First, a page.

Men and women are equally likely to acquire the mutation that causes autism, but symptomatic autism is three times more likely to occur in men, making women the more likely carriers of the mutations, a new study says.
Researchers at Cold Spring Harbor Laboratory and Albert Einstein College analyzed data on autism incidence and found a previously unrecognized pattern, which points to spontaneous germ-line mutation as a significant cause of the disorder.
Spontaneous mutations are changes in a chromosome that alter genes. Germ-line mutations are newly acquired in a germ cell of a parent, and sometimes are transmitted to offspring at conception.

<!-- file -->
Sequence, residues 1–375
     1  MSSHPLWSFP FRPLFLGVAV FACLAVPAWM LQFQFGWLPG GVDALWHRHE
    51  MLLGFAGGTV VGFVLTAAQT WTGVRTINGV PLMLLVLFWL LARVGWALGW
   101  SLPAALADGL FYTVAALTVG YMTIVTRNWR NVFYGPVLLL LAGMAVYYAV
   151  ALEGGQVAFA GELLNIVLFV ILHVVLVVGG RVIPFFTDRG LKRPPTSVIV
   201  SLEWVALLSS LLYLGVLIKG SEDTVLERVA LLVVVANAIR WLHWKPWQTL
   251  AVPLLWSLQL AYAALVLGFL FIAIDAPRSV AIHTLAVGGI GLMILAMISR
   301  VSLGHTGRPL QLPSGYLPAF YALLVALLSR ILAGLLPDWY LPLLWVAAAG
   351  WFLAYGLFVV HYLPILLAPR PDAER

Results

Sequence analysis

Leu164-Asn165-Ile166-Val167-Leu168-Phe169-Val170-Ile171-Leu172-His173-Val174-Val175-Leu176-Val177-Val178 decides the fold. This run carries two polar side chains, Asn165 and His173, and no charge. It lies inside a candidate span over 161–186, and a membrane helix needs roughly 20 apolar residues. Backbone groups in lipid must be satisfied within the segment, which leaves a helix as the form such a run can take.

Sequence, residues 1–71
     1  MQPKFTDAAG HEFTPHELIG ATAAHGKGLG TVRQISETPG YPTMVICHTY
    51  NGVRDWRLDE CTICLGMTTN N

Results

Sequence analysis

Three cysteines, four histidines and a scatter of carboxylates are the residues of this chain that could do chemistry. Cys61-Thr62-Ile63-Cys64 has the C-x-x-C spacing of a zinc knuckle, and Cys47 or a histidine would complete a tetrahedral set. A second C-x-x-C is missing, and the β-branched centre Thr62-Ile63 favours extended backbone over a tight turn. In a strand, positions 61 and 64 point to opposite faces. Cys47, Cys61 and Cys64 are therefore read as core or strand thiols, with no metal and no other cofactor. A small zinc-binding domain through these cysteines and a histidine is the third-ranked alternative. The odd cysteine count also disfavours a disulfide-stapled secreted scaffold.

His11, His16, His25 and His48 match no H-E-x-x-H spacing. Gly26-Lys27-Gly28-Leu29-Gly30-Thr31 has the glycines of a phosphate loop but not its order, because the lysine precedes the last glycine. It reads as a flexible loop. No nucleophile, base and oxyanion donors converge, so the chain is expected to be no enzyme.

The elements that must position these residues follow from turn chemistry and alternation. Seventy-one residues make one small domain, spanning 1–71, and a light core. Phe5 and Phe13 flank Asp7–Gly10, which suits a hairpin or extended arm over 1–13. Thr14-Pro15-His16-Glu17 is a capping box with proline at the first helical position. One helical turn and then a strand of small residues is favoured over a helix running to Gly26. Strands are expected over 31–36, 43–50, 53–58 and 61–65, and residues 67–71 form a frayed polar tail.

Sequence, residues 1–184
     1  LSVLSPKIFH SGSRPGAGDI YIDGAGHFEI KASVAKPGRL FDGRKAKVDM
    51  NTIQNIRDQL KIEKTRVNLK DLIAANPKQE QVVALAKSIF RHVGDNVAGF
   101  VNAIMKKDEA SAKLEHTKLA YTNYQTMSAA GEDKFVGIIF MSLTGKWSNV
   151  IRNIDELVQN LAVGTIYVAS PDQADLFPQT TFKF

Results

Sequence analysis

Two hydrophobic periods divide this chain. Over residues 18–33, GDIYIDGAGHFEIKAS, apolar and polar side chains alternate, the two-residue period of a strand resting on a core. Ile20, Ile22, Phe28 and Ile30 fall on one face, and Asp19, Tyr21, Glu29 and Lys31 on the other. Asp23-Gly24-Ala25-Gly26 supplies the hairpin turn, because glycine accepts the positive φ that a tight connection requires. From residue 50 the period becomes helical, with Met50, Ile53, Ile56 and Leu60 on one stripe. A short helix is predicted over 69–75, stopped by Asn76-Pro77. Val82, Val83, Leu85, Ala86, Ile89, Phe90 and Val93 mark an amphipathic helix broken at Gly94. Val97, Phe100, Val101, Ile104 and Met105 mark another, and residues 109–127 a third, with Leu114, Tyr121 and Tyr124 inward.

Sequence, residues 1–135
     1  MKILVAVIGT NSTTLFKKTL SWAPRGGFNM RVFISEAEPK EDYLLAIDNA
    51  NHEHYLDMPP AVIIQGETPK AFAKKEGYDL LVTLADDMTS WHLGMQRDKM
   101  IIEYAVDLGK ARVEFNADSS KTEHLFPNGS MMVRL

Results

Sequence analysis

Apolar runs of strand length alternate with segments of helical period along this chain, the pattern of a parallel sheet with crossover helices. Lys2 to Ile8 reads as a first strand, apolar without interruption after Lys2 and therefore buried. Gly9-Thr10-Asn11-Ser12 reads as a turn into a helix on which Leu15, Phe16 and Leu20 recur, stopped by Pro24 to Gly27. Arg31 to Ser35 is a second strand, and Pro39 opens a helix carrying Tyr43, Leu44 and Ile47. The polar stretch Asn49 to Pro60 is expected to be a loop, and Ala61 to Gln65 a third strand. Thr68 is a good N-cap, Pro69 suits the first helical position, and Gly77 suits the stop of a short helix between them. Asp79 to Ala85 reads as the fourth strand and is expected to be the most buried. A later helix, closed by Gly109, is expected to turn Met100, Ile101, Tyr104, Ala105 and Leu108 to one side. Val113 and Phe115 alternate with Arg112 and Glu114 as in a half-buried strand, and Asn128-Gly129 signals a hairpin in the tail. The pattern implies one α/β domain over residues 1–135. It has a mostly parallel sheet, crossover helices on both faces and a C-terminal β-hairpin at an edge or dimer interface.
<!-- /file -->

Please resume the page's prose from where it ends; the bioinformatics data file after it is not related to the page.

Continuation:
Parents, especially women, who acquire the mutation, but do not exhibit severe symptoms of the disorder, have a 50 percent chance of passing the mutation on to their children, according to the study.
The evidence also led researchers to believe that older parents are more likely to have autistic children.
“The fact that germ-line mutations increase with age places older parents at a higher risk of having children with autism, explaining a pattern that has been recently observed,” said CSHL co-author of the study Michael Wigler, Ph.D, in a news release.